Prime Minister Manasseh Sogavare says Solomon Islands can learn a lot from Botswana’s economic journey, formerly one of the world's poorest countries—with a GDP per capita of about US$70 per year in the late 1960s—it has since transformed itself into an upper-middle-income country, with one of the world's fastest-growing economies.
The Prime Minister made the remarks when he met with Her Excellency Dorcas Makgato, Non-Resident High Commissioner Designate of Botswana to Solomon Islands, yesterday.
But what can Solomon Islands learn from Botswana?
1. Botswana is the continent's oldest democracy. The Constitution of Botswana is the rule of law, which protects the citizens of Botswana and represents their rights. Botswana enjoys free and fair elections, political rallies and elections are often held with no civil unrest or social upheavals. The transition of power is often smooth and without incident.
2. Transparency International’s corruption perception index ranks Botswana as the least corrupt country in Africa, and ranks just below Portugal and South Korea.
3. Botswana's competitive banking system is one of Africa's most advanced. Generally adhering to global standards in the transparency of financial policies and banking supervision, the financial sector provides ample access to credit for entrepreneurs. The government also provides subsidized loans, increasing the participation of local entrepreneurs in the local economy.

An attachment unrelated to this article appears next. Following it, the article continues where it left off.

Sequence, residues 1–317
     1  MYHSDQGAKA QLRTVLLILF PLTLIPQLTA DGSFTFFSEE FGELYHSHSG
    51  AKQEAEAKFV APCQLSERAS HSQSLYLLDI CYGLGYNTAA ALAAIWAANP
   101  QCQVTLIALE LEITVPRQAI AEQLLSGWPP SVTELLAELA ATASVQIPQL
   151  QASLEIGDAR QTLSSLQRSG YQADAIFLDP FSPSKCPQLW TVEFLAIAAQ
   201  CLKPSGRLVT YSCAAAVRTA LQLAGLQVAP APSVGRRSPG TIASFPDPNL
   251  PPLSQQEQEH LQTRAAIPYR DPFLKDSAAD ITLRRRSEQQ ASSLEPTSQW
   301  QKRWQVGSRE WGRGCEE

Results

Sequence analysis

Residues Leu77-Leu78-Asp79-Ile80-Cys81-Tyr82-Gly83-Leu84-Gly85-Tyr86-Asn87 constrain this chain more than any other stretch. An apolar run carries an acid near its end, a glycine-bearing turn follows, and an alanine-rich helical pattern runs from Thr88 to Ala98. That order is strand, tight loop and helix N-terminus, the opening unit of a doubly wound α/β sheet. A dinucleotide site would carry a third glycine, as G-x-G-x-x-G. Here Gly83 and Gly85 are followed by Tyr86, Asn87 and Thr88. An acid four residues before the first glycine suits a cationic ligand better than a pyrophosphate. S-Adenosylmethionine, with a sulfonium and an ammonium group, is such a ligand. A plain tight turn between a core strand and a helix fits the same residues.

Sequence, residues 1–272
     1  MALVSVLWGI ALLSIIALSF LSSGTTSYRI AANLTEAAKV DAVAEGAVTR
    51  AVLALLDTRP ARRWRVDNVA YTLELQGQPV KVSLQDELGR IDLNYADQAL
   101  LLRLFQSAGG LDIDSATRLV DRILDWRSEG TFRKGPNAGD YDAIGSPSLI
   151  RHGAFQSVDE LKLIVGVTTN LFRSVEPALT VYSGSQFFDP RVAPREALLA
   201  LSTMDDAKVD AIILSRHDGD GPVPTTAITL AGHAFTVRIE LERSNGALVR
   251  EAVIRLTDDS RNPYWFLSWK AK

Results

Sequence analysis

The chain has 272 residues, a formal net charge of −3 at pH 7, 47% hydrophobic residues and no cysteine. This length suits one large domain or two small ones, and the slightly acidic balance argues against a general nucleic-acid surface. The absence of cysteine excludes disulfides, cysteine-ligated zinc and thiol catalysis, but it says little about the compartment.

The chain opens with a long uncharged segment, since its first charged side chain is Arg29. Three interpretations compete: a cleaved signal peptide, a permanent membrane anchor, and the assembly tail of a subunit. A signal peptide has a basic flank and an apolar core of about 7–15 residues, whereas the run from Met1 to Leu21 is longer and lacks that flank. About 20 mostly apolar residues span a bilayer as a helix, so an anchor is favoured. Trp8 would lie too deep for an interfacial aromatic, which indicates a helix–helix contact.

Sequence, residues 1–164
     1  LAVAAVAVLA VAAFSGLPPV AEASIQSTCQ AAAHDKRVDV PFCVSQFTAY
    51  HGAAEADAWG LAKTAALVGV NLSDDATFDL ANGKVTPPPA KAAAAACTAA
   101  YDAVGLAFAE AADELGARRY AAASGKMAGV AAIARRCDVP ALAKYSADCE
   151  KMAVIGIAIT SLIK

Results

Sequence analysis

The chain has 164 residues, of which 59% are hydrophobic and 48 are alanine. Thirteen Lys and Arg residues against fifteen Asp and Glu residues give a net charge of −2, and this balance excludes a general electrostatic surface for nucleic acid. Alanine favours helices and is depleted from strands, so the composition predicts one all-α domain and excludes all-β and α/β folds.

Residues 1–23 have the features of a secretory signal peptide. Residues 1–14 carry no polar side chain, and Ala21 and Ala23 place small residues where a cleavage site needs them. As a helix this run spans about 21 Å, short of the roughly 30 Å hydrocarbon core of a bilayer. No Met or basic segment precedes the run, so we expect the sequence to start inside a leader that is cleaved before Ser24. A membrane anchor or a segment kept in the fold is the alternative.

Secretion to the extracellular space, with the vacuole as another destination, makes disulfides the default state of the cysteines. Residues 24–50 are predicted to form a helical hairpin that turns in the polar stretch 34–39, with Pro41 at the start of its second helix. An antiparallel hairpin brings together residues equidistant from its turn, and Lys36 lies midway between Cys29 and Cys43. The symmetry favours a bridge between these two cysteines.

4. Investment regulations are transparent, and bureaucratic procedures are streamlined and open. Investment returns such as profits and dividends, debt service, capital gains, returns on intellectual property, royalties, franchise's fees, and service fees can be repatriated without limits.
5. The government has maintained a sound fiscal policy, despite consecutive budget deficits in 2002 and 2003, and a negligible level of foreign debt.
6. It earned the highest sovereign credit rating in Africa and has stockpiled foreign exchange reserves (over $7 billion in 2005/2006) amounting to almost two and a half years of current imports.
So, in short, some of the more important lessons for the Solomon Islands is the importance of maintaining a politically stable government.
Addressing corruption is also important, allowing integrity institutions to not just flourish, but to also operate independently of the executive arm of government.
Fiscal responsibility is also important, and keeping in check the level of foreign debt, as this does have implications for the future growth of the country.
Creating a conducive environment for investors is also important, as well as giving local entrepreneurs access to finance, this is through the creation of a robust banking system, one that is well capitalized.